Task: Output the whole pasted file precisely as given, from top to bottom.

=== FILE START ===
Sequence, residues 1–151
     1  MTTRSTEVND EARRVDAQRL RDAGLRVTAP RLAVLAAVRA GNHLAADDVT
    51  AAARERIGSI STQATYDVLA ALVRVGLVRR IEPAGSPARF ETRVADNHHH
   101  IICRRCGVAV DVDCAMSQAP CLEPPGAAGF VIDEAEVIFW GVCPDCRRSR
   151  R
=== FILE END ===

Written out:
Sequence, residues 1–151
     1  MTTRSTEVND EARRVDAQRL RDAGLRVTAP RLAVLAAVRA GNHLAADDVT
    51  AAARERIGSI STQATYDVLA ALVRVGLVRR IEPAGSPARF ETRVADNHHH
   101  IICRRCGVAV DVDCAMSQAP CLEPPGAAGF VIDEAEVIFW GVCPDCRRSR
   151  R